The Association of Religious Database Archives places the religious adherence level among Oregon residents at 31.2%. Welcoming as we are only a trickle of the almost 70% “nones” in the population will ever find their way to our church. We must be out in the world engaging our neighbors in order to live the church’s purpose to be “a sign, instrument, and foretaste of the reign of God.” (Lesslie Newbigin)
I received initial formation in a time when seminaries were still producing chaplain-scholar priests. I bring compassionate listening into my work and have gifts for thinking and communicating theologically. I value this part of my formation because one of the most important skills for leadership is framing and interpreting community experience in light of the gospel rather than providing a one size fits all program for church growth.
A de-churching world is challenging and scary. I find that creativity and hope are antidotes for anxiety. We need leaders who: listen for the Holy Spirit’s creativity, nurture fellow leaders, invite us reach out to our neighbors in new ways. In the last twenty years, I have partnered with people in congregation, region, and diocese to develop leadership talents for the present time. I see the big picture, make connections and build community, generate ideas, prayerfully listen for the Spirit and encourage others to do so as well, accept and work through conflict, and am always open to new learning. No one person has everything necessary to singlehandedly bring the church toward where God is calling. However, the church gathered in community (large or small!) will have the gifts necessary to engage in Spirit-led mission in its own unique context. That is true for my own diocese, and I believe it to be true for Oregon as well.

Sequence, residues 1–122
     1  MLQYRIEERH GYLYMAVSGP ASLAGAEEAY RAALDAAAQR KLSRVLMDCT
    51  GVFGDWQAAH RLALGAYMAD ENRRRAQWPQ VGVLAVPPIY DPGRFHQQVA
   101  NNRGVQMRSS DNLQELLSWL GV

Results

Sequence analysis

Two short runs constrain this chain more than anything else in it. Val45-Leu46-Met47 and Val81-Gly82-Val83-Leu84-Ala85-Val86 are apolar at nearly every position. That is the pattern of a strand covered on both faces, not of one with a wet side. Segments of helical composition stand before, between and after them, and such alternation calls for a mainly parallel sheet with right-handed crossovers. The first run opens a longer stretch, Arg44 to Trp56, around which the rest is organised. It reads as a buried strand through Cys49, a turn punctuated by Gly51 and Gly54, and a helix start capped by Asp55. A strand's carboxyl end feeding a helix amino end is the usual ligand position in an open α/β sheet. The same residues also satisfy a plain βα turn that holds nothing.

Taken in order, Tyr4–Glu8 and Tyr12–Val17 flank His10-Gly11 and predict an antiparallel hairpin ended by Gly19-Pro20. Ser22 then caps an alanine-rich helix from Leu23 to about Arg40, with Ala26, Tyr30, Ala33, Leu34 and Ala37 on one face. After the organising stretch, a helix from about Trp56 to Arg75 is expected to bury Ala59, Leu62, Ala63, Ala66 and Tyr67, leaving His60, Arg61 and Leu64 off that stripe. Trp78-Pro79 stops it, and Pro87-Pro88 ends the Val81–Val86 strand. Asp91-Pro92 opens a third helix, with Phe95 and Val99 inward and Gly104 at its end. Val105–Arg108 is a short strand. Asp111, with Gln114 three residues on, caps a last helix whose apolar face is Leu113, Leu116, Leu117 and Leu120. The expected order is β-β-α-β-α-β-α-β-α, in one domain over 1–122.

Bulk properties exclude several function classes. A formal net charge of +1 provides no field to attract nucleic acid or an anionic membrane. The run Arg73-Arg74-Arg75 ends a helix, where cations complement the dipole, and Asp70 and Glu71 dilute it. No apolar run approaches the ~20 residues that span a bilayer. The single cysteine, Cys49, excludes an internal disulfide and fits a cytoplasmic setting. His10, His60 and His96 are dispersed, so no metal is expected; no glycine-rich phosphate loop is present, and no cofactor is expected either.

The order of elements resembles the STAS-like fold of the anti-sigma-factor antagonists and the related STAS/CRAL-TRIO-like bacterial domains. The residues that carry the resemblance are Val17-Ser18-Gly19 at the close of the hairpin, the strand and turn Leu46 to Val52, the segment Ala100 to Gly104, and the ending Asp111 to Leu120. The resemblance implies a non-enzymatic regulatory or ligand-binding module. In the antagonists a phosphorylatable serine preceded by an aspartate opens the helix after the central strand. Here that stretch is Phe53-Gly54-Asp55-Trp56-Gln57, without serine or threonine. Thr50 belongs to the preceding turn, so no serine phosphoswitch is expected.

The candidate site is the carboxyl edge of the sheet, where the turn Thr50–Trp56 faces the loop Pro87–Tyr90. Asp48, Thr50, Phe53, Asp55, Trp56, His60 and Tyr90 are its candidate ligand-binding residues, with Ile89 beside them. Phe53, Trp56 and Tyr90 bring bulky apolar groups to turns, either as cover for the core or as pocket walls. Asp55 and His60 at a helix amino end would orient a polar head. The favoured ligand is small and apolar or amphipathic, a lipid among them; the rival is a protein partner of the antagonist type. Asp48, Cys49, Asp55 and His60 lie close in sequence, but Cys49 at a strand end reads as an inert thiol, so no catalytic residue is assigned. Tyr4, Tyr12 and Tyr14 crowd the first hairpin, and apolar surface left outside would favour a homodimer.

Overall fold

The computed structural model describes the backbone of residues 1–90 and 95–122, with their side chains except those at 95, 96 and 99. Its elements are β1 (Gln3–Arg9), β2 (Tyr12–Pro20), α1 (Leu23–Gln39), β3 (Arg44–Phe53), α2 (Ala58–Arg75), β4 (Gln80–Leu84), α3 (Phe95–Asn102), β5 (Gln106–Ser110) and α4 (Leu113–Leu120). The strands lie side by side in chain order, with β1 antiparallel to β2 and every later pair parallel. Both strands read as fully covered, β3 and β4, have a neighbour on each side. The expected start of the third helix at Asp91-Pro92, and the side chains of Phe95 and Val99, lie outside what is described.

Describe a time when you had a cross-cultural experience. Please share with us how you responded to it, what you found challenging, and what you learned from it?
In my current congregation, we have had the opportunity to participate in cross-cultural ministry with two Native American tribes. Sixteen years ago, our congregation met with a Crow (Apsaalooke) group in nearby Montana and supported them in the creating and maintaining of a social enterprise whose funds power the group’s local outreach mission on Crow reservation. Ten years later, a member of our congregation discovered that one of Crow sacred sites was in our state, off their Reservation lands. The tribe had been unable to access this site for over 100 years. We worked with the landowners and tribal elders to create an opportunity for an annual return to the site. My congregation has participated in this annual return every summer since. Six years ago, our youth groups began to build relationship with youth on the Wind River Reservation where our own diocese has a formal historic presence. Our youth travel to Wind River for learning, cultural exchange, and friendship, and folks from the Wind River come to Cody to visit us. My leadership has been supportive and permission giving to lay leaders who are building bridges between our congregation and our Native neighbors. Our congregation has approached each relationship with listening rather than bringing answers, mutuality rather than patronage, and an interest in learning from the experience of others rather than interest in our own metrics for success. God calls us to work for restitution and reconciliation wherever possible. Through our work with Native American neighbors, I have learned that the magnitude of broken trust between our people calls for much listening and long-term time commitment to this work in order to see the fruits of reconciliation.